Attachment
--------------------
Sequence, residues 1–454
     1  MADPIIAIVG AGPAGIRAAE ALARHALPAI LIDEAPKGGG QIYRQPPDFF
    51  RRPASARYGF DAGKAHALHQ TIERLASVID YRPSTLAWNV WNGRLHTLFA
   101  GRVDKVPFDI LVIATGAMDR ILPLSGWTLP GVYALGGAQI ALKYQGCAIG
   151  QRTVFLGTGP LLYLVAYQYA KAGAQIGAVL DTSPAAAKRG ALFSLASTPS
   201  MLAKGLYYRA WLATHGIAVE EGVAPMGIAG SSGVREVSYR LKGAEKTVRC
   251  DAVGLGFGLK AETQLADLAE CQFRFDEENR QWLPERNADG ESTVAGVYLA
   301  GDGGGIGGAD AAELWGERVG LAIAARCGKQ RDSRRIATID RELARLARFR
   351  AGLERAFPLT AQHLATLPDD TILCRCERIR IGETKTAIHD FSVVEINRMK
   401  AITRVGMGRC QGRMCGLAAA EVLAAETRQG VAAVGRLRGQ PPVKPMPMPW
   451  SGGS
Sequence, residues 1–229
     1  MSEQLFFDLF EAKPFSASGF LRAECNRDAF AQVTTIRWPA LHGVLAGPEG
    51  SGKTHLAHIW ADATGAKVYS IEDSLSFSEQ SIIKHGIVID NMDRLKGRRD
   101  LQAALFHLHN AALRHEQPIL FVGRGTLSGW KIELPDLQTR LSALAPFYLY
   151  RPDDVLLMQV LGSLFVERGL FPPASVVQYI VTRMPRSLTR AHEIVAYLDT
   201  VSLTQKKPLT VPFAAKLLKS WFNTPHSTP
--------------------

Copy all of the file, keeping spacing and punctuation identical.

Sequence, residues 1–454
     1  MADPIIAIVG AGPAGIRAAE ALARHALPAI LIDEAPKGGG QIYRQPPDFF
    51  RRPASARYGF DAGKAHALHQ TIERLASVID YRPSTLAWNV WNGRLHTLFA
   101  GRVDKVPFDI LVIATGAMDR ILPLSGWTLP GVYALGGAQI ALKYQGCAIG
   151  QRTVFLGTGP LLYLVAYQYA KAGAQIGAVL DTSPAAAKRG ALFSLASTPS
   201  MLAKGLYYRA WLATHGIAVE EGVAPMGIAG SSGVREVSYR LKGAEKTVRC
   251  DAVGLGFGLK AETQLADLAE CQFRFDEENR QWLPERNADG ESTVAGVYLA
   301  GDGGGIGGAD AAELWGERVG LAIAARCGKQ RDSRRIATID RELARLARFR
   351  AGLERAFPLT AQHLATLPDD TILCRCERIR IGETKTAIHD FSVVEINRMK
   401  AITRVGMGRC QGRMCGLAAA EVLAAETRQG VAAVGRLRGQ PPVKPMPMPW
   451  SGGS
Sequence, residues 1–229
     1  MSEQLFFDLF EAKPFSASGF LRAECNRDAF AQVTTIRWPA LHGVLAGPEG
    51  SGKTHLAHIW ADATGAKVYS IEDSLSFSEQ SIIKHGIVID NMDRLKGRRD
   101  LQAALFHLHN AALRHEQPIL FVGRGTLSGW KIELPDLQTR LSALAPFYLY
   151  RPDDVLLMQV LGSLFVERGL FPPASVVQYI VTRMPRSLTR AHEIVAYLDT
   201  VSLTQKKPLT VPFAAKLLKS WFNTPHSTP